Hefner Middle School students with their STEM project. Photo by Jason Pierce.
Oftentimes I wonder if people really know what it is a foundation does. We use that word in so many ways that it doesn’t give much clarity. Even knowing our mission is to “enhance and enrich the educational activities of children in Putnam City” conveys an esoteric list of possible activities. When trying to convince someone that our organization is worthy of their gifts, it’s best not to be so cryptic.
This blog series is an attempt to remedy that with some concrete information about our work. At the end of each year, I ask our main program leaders to share some highlights of the year with us. These provide some tangible insight into the activities done with our donor’s gifts throughout the year.
Our district Science Curriculum Coordinator Heather Johnston has a vision for making Putnam City as recognized for STEM as it is for the arts, and has won grants outside of the PC Foundation to help her achieve that goal. She has provided more training to these STEM teachers than I think they’ve gotten in years. She’s bought robots that teach Programming C, started Stomp Rockets, bought Makerspace and Tinkering materials, provided items for plant growth and sustainability, all with donor gifts and grants.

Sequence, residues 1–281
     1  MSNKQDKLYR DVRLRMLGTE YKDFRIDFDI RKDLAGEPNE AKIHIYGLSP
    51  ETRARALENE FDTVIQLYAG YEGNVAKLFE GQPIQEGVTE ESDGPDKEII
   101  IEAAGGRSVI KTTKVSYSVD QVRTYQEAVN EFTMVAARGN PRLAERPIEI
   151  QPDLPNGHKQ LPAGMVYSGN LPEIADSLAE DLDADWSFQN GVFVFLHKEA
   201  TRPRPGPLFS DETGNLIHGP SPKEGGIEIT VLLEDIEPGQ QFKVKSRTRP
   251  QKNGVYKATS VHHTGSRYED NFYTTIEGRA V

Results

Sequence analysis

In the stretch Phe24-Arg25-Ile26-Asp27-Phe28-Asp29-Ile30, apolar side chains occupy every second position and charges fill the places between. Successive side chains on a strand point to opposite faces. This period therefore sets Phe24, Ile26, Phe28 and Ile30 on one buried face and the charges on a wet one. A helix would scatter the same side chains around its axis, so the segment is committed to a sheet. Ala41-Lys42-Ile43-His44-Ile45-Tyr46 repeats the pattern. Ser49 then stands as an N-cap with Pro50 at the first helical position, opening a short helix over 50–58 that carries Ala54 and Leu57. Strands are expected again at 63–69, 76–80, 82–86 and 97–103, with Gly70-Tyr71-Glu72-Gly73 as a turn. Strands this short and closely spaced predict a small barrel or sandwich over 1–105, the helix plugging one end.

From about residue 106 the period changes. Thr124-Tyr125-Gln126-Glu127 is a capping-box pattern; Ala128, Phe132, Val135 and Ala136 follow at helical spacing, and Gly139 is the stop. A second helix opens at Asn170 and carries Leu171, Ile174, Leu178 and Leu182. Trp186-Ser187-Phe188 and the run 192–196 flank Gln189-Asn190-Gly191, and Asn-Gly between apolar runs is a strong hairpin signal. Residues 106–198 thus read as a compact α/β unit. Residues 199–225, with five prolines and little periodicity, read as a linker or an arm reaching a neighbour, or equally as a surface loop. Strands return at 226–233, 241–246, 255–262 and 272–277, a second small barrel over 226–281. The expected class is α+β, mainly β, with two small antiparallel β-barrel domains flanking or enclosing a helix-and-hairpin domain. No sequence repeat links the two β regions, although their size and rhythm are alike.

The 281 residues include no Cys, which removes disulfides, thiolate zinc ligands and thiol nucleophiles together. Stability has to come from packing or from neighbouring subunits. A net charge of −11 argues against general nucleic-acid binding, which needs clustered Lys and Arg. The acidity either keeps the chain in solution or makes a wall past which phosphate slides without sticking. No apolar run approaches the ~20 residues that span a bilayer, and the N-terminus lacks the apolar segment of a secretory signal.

My favorite thing she’s having teachers focus on is the concept of citizen scientists. These are projects in which everyday people — including students — work together with scientists to answer real-world questions and conduct data collection, according to the National Geographic. Our students could be asked to submit their own observations to help track biodiversity or light pollution! How about that for getting kids hooked on science?
Another important aspect of the elementary STEM program is how it exposes kids to careers they’ve never heard about or seen. Now they know it’s a job to research sounds in nature — become a bioacoustics researcher! Maybe they are learning how to best to divert rain water from low lying areas (like my house!) – become a hydrologist.
The best thing Ms. Johnston said when asked about her program’s impact was how, in STEM, children are told, “yes, you can do anything!”